Top 5 Gaming Franchises That Would Be Absolutely Huge As MMOs
by: William Usher
; edited by: Michael Hartman
; updated: 4/17/2012
• Leave a comment
How cool would be it derezzing people in light disc battles or venturing across the galaxy in your oown customized space carrier? Here's a list of some top franchises that would absolutely rock as MMOs.
slide 1 of 7
Going From Huge To Absolutely Massive
We all know that Massive Multiplayer Online games are becoming bigger and bigger and many top-notch publishers are cashing in on the MMO market, whether it’s free-to-play or pay-to-play. But gamers would probably love it if they were able to play a few specific MMOs from some of the biggest franchises out there, hence here’s a list of the top 5 franchises that would be huge as MMOs.
slide 2 of 7
No. 5: Resident Evil Online
Resident Evil Online...a simple name, I know. But Capcom’s Resident Evil series has really expanded and become a lot more than just a standard-fare zombie shooter. One of the things that would make Resident Evil Online unique from other shooters is that rivaling factions would be going head-to-head while at the same time helping each other against hordes of zombies and freakish bosses.
Players would choose from groups like the BSAA, Starz, local law enforcement or Umbrella. Each faction would have access to their own armament and equipment but with a global consignment shop/black market trading post, players can trade or sell items from other factions with each other.
The gameplay is where Resident Evil Online would really shine because Capcom could basically just take the mechanics from the recent Resident Evil: The Mercenaries and use it as the ground bases for the game. Players can run and shoot, use melee attacks and everything else Resident Evil games have been known for. To further take advantage of the RPG elements found within most MMOs, Capcom could break down the classes into categories such as Tanks, Assault, Engineers and Medics, each specializing in different classes of weapons and armor types.
Instead of fighting to control territories like some other MMOs, RE Online would focus more on progressive combat scenarios, with players flying into various combat zones to complete specific missions (i.e., rescue an NPC, recover a data disk, kill ‘X’ amount of zombies, etc.,) that continually scale in difficulty based on rank and experience. The possibilities are plentiful with a game like this and I’m shocked Capcom has yet to capitalize on it.
slide 3 of 7
No. 4: Splinter Cell: Global Ops
Ubisoft’s Splinter Cell franchise has a lot going for it. One of the strong points of the game has always been its multiplayer features, though. It’s a little shocking that Ubisoft hasn’t capitalized on this sooner, but an MMO for the espionage spy game could be just what the franchise needs to become relevant again in the current and upcoming generation of gaming.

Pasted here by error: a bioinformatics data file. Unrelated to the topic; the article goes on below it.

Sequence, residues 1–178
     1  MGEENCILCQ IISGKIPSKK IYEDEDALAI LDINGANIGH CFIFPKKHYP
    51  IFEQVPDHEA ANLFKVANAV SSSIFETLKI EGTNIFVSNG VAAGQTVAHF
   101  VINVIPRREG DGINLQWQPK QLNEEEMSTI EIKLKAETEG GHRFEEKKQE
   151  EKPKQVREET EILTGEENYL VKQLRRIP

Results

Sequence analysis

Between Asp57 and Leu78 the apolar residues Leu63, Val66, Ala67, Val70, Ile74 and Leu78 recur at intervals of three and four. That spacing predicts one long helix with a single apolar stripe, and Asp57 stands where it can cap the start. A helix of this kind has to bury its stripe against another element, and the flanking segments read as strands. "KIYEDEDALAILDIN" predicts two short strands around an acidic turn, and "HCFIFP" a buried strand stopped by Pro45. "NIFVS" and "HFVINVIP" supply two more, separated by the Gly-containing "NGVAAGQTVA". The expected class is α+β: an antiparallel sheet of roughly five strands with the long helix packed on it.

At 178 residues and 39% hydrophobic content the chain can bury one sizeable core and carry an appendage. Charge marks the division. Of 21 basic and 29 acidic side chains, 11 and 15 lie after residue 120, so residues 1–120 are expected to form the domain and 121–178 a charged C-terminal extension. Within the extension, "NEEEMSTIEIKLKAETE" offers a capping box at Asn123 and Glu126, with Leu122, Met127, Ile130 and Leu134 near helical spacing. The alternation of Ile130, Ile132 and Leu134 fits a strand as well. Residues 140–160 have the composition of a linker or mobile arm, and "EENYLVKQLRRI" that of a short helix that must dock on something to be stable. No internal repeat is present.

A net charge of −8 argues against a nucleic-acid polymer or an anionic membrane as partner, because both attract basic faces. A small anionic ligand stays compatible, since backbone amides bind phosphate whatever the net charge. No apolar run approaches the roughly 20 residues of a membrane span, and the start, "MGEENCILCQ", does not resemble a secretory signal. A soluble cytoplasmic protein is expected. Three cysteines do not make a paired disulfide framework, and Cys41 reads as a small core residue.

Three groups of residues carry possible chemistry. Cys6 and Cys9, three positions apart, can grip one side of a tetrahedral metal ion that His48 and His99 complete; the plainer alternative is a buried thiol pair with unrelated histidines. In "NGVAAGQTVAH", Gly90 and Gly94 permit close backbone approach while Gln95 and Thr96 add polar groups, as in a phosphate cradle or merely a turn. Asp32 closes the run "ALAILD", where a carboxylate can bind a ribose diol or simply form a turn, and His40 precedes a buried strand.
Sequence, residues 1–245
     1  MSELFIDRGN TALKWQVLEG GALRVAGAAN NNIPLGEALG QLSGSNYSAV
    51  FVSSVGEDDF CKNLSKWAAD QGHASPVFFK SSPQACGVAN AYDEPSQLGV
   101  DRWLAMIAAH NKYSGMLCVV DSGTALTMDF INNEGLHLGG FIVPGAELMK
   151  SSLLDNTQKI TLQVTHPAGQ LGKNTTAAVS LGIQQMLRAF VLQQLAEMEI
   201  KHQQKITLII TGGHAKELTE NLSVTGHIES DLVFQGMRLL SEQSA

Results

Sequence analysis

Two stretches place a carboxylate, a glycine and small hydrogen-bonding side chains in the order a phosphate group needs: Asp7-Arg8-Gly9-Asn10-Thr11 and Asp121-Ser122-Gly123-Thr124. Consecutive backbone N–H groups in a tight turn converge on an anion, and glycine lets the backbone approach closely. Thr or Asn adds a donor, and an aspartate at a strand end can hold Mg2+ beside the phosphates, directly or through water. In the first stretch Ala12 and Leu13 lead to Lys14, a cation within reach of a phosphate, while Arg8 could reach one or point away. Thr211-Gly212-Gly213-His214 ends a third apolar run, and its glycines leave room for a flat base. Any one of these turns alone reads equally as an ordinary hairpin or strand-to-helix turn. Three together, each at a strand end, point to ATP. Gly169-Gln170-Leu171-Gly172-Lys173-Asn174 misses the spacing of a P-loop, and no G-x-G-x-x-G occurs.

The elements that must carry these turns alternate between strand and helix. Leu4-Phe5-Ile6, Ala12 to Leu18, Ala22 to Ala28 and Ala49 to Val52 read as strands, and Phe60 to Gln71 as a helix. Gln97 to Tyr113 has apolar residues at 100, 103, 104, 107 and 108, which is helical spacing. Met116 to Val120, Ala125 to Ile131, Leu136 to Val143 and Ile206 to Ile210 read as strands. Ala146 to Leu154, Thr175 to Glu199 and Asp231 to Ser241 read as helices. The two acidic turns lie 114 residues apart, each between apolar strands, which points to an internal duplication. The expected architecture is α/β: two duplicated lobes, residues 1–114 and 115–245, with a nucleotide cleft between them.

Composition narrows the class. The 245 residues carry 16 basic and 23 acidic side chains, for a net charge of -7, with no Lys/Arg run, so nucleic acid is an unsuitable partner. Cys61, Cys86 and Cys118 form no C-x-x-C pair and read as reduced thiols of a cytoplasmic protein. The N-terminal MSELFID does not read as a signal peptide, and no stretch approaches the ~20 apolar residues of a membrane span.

The game could focus on two different rival organizations that handle global security for a number of corporations and Governments. Players would have three classes to choose from, including a Mercenary, a Spy and an Infiltrator. The Mercenary would be just like the standard mercs from previous Splinter Cell games, with the exception that while they may have heavy weapons at their disposal they can also use mild stealth mechanics to sneak around corners or hide in shadows, but they lack the ability to scale walls and vertical surfaces. The Infiltrator is a straight-through physical grease monkey; players who choose the Infiltrator cannot use firearms, only various melee weapons. However, Infiltrators can pretty much scale surfaces with ease, hack into systems quickly and hide like an elite pro. The Infiltrator’s main highlight is their ability to avoid detection and stay hidden. The Spy is basically a mix of the other two, with slightly less hacking speed and agility than the Infiltrator but not as much access to heavy weapons as the Mercenary. The Spy would be considered as the “classic" splinter cell that players have been used to playing in the series.
The reason this would be cool as an MMO is that the maps available for questing would be persistent, so players of rival factions can spawn into maps with other players trying to complete missions as well, sort of like a spy-version of APB: Reloaded but with a heavier focus on getting into and getting out of high-security facilities. The PvP, I imagine, would be straight-up insane.
Tack on some upgradeable suits, advanced spy-gadgets and some additional goodies to help players fulfill the role of being the ultimate spy and this game could be around for ages.
slide 4 of 7
No. 3 Lost Planet Online
All right, I don’t have a snazzy title for a Lost Planet MMO but Lost Planet Online should suffice. The game is ripe for the pickings when it comes to the MMO territory and this also marks the second Capcom game on this list to get a firm nod as a potential franchise that could make some massive waves in the world of MMOs.
The entire map and travel aspect of the game could be setup likeAnarchy Online, where there are just massive expanses of land with all kinds of Akrids running amok. This game would be like a shooter fan’s grind heaven. Players would basically choose from the various factions such as the Snow Pirates, Femme Fatales or Nevec, to name a few. Your armor, outfits and a few specialty weapons could be attached to each faction. To help offer up some variable gameplay options for class enthusiasts, they could separate weapons into categories and attach them to classes. Heavy weapon specialists focus on wielding huge guns and artillery. Technicians use standard assault weapons but have access to the VS’s (or mechs). Assault troops would basically wield a variety of guns but can’t use the heavy weapons nor pilot mech VS’s.